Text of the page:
Monday, January 30, 2006

Cherishing Its Roots
Nut Tree Embraces Past, Moves Forward
By Tom Hall/Staff Writer

Work continues on the retail center for the Nut Tree Family Park which will feature a restored Harbison House as its centerpiece. (Joel Rosenbaum/The Reporter)

The foundation is in place. The landscape is changing. Electric power is almost there. Money, hopefully, won't be long in coming.

Its been a long time since the Harbison House has been at the center of this much action.

As the walls of the new Nut Tree

Village project continue to go up around the near century-old colonial revival home, work to transform the historic landmark into a living museum is getting closer.

Shawn Lum, the director of the Vacaville Museum, said a preservation architect to lead the project will be hired

Monday. Lum interviewed candidates Friday, and said getting an architect in place has been a priority.

"We're putting one foot in front of the other, and we're finally stepping out," Lum said.

The Harbison House, built in 1907 by renowned homebuilder George Sharpe for Luther and Hester Harbison, is owned by the Vacaville Museum. It was donated by members of the Power family, the clan who ran the Nut Tree for 80 years.

The house will be restored to its original grandeur and converted into a museum, showcasing the history of the Nut Tree and Vacaville.

The original Nut Tree closed in 1996. Work on the new Nut Tree project, which will include some 300,000 square feet of restaurant and retail space along with a 3.7-acre family park, began late last summer.

The park is expected to open in July, with Harbison House as its focal point.

"I'm really happy that the house is the centerpiece now," Lum said. "I think there's some dignity around it."

The white-painted home originally sat just north of where Interstate 80 runs now. It was there, in front of the house and under a massive oak tree, that Helen Power first set up a fruit stand in 1921 for travellers on the old Lincoln Highway.

The fruit stand eventually grew into the world-famous Nut Tree, with its restaurant, miniature railroad, hobby horses and, eventually, airport and post office.

The restaurant closed in 1996 amid financial troubles. The post office was moved to a storefront in an Orange Drive shopping center, and all the familiar buildings were torn down ...

Except the Harbison House.

Last October, movers jacked up the 99-year-old house, put wheels under-neath, and hauled it to a location several hundred feet north of the freeway.

Lum said it was set into its new foundation two weeks ago, and temporary power will be patched to the house sometime this week.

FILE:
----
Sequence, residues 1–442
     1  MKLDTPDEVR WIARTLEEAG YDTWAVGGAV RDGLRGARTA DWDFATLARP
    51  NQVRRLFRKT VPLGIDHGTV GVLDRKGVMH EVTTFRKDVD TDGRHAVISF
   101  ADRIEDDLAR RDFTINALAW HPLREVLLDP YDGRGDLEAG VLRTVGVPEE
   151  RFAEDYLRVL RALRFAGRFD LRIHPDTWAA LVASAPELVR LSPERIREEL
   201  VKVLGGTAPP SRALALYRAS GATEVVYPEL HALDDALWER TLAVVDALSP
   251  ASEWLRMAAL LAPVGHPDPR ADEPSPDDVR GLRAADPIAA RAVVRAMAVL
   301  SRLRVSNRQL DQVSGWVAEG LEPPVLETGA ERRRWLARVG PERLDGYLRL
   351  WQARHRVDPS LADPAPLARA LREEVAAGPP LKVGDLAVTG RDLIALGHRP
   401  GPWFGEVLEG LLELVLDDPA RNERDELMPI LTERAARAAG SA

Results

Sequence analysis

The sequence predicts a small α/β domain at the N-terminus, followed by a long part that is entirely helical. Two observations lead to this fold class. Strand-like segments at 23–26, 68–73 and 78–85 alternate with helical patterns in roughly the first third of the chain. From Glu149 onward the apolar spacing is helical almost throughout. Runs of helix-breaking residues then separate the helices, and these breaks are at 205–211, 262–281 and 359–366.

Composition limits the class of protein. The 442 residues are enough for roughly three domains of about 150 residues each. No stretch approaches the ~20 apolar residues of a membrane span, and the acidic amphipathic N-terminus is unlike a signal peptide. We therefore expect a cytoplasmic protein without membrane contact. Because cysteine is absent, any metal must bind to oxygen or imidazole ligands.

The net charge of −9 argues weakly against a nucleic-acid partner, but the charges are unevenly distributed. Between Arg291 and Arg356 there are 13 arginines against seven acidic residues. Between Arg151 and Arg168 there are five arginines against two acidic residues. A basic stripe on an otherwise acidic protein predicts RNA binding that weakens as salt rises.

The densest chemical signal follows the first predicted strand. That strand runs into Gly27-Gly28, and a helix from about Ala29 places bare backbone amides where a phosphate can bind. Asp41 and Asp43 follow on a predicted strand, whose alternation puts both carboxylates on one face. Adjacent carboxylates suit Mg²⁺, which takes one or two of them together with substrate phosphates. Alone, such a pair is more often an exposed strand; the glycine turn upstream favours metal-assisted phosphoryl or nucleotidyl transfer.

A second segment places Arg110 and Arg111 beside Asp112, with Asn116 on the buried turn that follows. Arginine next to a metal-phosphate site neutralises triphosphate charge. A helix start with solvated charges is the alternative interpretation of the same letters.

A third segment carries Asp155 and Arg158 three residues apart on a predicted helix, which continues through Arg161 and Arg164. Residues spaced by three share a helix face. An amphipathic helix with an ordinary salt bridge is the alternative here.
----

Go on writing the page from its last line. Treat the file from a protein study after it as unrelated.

With electricity, and an architect nearly in place, financing for the massive renovation project ahead is next on the list.

Lum said she's in the process of completing a state grant application, which she said is the project's best funding opportunity.

"It's really a big opportunity for some matching funds from the state," Lum said of the 80-page California Cultural and Historical Endowment application. "But right now, I look like I'm writing a thesis."

The museum applied for the grant last year, as well. The Western Railway Museum east of Suisun City was the only group in Solano County awarded money a year ago through the grant program, which is funded through Proposition 40 park bonds.

Lum said she thinks Harbison House has a better chance this time around, thanks to a full business plan and cooperation from Snell & Co., the family park developer, and the city

"We're much more prepared this year," she said.

Meanwhile, permit applications for the Nut Tree Family Park are in the city's hands. Matt Sharkey, Nut Tree's director of marketing, said the design of the park will lean heavily on the site's past.

"We're definitely not abandoning what it was," he said. "We're moving forward with something new while embracing the Nut Tree's place in history."

Sharkey said the park plans to use images of the old Nut Tree and the old Vacaville in all its marketing efforts and within the design of the park itself.

He added that the presence of the Harbison House will be a great tool in working with schools to provide a fun educational experience for students around the region.

Lum said everything she's seen about the park shows it and Harbison House will complement each other well.

"I think the history will be well-represented in the family," she said. "The house will always be there, as a reminder."

Tom Hall can be reached at

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